We have a custom taxonomy that is hierarchical. It has so many sub-categories that to scroll through them in the edit post page is proving problematic for editors.

Is there a way to initially show only the top level items with an option to expand/collapse the sub-categories?

Here's an example showing sub-categories, if you imagine hundreds of these under a dozen main categories then you'll see the problem.

example categories

Ideally we'd just See Climate & nature with a + next to it that would open up the sub-cats when clicked:

enter image description here

I'm open to writing code, using a plugin, hacking the display with jQuery, anything really! I have searched and searched but been unable to find exactly what I need.

Any help or suggestions for a direction to go to try and solve this?

1 Answer 1


This is a VERY untested approach, but the recent addition of CSS's :has selector has been top-of-mind for me lately, and I wondered if a simple solution could be built using purely CSS..

As a proof of concept, add the following to your site's admin CSS:

#categorychecklist > li .children{display:none;}
#categorychecklist > li:has(input:checked ) .children{display:block;} 

For context, this hides all children categories in the list unless either the parent or the child has been checked. Thus, by default, you'll ONLY see the top-level categories when creating a new post. If you want to assign children categories, then you check the parent and it expands.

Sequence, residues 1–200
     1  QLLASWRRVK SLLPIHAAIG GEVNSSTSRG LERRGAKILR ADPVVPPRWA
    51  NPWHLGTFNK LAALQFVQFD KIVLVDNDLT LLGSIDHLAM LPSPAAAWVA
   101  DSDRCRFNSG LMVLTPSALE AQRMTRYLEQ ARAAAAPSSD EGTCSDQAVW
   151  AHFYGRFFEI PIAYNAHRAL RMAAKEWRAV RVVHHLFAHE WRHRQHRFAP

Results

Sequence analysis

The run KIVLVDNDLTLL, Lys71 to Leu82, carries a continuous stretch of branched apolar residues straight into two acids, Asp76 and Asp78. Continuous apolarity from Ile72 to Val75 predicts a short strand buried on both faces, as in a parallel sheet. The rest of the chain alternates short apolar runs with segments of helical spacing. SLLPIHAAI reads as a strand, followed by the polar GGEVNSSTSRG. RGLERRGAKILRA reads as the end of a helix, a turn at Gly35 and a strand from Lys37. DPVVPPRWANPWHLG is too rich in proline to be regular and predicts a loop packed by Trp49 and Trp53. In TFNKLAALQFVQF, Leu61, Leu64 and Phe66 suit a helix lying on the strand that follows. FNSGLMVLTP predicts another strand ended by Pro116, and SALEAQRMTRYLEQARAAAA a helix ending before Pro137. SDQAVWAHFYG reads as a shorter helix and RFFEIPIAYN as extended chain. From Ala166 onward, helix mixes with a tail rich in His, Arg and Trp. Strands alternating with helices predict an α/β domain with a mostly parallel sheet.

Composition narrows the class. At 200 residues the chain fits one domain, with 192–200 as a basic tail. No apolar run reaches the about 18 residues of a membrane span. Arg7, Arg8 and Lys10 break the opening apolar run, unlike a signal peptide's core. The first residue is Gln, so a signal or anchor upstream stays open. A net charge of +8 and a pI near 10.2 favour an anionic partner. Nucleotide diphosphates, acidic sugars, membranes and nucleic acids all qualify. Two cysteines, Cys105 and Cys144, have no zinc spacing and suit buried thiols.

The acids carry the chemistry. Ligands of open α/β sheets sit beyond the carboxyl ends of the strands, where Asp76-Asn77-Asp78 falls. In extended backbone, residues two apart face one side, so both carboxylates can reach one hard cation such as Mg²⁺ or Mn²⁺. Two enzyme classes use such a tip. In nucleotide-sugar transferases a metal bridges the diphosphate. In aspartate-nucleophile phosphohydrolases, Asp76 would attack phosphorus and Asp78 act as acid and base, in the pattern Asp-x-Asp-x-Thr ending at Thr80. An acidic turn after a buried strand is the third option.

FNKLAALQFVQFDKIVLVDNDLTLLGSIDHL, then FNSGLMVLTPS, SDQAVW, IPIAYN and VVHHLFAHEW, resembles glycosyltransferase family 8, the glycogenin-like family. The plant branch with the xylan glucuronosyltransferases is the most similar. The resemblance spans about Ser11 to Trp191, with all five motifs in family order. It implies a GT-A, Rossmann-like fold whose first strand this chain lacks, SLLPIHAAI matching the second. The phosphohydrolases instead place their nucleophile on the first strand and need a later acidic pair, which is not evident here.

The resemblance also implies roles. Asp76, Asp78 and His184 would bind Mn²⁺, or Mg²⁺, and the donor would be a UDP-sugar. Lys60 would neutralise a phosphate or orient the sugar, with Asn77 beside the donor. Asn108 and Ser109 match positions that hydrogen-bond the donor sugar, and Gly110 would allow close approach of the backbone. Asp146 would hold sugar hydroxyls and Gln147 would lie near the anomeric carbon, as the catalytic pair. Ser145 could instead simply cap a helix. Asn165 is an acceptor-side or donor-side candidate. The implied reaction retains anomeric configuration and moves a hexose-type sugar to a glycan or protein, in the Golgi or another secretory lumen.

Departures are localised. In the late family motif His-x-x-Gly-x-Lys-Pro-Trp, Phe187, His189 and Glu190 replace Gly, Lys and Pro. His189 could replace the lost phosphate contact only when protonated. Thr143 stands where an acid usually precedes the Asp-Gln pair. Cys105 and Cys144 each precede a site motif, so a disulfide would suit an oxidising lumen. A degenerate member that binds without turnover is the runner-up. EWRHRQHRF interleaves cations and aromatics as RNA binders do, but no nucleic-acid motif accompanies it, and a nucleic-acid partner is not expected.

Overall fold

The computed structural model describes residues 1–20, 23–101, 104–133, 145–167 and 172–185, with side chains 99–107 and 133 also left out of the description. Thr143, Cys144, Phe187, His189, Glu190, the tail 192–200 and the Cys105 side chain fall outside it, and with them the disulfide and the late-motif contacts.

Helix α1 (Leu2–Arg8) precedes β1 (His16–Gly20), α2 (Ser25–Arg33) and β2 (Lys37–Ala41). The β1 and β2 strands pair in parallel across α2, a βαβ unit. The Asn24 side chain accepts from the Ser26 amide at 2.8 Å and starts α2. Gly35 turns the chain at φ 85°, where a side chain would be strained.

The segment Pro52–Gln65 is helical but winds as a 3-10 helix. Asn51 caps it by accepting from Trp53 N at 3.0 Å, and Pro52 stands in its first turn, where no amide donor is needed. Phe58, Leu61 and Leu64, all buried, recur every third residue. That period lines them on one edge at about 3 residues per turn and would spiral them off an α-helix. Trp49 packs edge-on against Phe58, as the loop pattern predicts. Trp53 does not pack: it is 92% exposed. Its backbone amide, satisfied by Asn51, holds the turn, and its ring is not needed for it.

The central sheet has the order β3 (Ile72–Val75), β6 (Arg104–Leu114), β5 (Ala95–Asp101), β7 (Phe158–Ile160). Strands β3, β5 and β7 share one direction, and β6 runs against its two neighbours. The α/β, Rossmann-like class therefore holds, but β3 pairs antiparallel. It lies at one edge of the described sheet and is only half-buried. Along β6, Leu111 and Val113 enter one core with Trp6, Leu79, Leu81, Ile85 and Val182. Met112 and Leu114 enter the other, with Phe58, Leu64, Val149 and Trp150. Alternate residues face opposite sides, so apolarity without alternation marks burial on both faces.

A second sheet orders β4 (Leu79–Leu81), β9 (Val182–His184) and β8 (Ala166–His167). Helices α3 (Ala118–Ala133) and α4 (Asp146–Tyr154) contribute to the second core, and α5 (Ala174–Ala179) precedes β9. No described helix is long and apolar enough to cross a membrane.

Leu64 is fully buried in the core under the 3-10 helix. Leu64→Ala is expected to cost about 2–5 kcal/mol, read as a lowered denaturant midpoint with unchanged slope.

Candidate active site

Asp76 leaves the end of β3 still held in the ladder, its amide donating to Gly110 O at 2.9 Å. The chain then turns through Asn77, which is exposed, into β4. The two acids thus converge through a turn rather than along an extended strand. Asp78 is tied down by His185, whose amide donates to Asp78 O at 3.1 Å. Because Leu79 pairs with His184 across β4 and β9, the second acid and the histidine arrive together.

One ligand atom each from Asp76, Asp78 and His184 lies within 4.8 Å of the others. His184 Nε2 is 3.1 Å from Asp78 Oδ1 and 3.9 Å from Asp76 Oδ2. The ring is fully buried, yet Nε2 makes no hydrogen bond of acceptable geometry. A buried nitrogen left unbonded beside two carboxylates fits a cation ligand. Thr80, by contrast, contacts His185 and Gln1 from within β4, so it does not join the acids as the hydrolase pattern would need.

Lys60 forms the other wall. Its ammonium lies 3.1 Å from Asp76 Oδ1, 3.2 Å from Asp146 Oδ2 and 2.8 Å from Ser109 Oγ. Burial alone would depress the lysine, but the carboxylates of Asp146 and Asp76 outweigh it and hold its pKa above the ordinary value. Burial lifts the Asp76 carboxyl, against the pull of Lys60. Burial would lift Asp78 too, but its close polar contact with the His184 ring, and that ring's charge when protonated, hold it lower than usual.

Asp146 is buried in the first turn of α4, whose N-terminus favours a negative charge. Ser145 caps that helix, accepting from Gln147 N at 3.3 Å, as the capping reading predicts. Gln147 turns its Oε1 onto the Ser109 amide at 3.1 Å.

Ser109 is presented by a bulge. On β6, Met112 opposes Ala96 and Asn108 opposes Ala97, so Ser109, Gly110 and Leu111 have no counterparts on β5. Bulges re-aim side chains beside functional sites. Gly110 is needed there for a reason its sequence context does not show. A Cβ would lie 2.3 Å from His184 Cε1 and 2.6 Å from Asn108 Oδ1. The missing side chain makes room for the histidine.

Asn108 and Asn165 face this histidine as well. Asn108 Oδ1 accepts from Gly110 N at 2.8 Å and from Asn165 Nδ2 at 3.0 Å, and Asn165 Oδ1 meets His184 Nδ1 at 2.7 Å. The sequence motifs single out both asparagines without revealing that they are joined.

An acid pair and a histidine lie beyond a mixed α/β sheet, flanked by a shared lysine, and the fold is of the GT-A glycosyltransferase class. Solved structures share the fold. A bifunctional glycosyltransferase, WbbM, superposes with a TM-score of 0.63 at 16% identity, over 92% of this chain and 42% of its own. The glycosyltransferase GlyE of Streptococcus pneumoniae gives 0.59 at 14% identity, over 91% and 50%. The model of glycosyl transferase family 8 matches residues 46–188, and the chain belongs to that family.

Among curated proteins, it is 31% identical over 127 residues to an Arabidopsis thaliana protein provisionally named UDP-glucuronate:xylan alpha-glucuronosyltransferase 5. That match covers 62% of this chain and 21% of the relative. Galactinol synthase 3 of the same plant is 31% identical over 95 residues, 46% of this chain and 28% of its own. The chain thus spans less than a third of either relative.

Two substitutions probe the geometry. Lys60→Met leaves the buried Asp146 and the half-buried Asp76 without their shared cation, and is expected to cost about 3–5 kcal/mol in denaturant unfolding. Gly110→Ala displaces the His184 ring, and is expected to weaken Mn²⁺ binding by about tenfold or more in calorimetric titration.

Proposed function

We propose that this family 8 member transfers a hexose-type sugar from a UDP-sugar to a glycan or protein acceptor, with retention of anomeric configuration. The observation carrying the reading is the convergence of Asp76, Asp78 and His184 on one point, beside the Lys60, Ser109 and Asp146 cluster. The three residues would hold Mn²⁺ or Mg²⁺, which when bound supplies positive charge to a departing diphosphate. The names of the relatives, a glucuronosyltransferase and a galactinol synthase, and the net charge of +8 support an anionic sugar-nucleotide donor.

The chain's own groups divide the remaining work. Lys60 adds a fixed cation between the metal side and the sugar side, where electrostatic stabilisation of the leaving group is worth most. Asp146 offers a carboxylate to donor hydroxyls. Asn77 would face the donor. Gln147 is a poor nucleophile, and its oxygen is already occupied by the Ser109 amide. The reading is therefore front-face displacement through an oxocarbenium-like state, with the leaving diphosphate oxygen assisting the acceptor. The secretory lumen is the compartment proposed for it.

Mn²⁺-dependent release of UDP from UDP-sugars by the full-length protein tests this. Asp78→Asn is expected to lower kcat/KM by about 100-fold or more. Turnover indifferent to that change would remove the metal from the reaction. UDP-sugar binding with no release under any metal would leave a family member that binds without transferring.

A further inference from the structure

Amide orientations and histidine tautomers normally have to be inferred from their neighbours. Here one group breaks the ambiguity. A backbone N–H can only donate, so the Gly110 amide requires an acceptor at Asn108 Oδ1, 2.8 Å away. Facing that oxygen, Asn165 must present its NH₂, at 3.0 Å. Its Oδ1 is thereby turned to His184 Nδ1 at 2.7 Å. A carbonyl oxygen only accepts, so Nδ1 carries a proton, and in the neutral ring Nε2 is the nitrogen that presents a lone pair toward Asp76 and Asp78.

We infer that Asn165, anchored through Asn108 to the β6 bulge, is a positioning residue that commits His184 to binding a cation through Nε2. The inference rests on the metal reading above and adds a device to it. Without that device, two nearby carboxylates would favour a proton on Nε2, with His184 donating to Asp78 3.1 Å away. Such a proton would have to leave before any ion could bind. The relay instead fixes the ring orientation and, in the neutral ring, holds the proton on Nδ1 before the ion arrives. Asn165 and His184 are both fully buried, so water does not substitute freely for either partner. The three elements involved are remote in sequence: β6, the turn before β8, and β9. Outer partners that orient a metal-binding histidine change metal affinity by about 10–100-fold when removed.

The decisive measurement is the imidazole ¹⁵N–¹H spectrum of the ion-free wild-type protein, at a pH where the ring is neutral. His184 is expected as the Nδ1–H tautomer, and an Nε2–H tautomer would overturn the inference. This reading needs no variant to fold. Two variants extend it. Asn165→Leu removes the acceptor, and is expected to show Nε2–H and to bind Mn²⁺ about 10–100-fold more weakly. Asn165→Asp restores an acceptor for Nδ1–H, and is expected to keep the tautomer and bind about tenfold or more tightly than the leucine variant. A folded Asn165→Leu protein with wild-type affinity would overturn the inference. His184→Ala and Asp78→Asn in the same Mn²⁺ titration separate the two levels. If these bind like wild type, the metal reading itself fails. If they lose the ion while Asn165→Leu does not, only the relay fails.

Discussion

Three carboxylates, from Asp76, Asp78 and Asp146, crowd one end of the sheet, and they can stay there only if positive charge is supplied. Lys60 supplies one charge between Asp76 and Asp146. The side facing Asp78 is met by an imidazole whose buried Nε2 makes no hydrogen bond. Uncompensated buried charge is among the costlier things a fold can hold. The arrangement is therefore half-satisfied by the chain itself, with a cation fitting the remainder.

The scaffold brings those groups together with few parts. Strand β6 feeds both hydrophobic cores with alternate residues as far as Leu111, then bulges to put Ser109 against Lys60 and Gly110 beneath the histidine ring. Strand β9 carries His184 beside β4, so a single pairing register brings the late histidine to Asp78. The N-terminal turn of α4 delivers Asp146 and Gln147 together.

This doesn't let you "browse" the children categories without clicking the parent, so it's not foolproof. You'd have to click the parent, check the child, and then deselect the parent if you didn't want it. But at least it cleans up the visuals quite a bit!

  • 1
    Interesting approach! Thanks, I will test this and get back to you :)
    – Ralpharama
    Sep 4, 2023 at 13:18
  • 1
    This works perfectly!
    – Ralpharama
    Sep 4, 2023 at 13:34
  • That's awesome!! Glad it worked -- Not a perfect solution given that you can't expand without checking the parent, but probably good for a quick-and-dirty, no JS approach :) Sep 5, 2023 at 15:04

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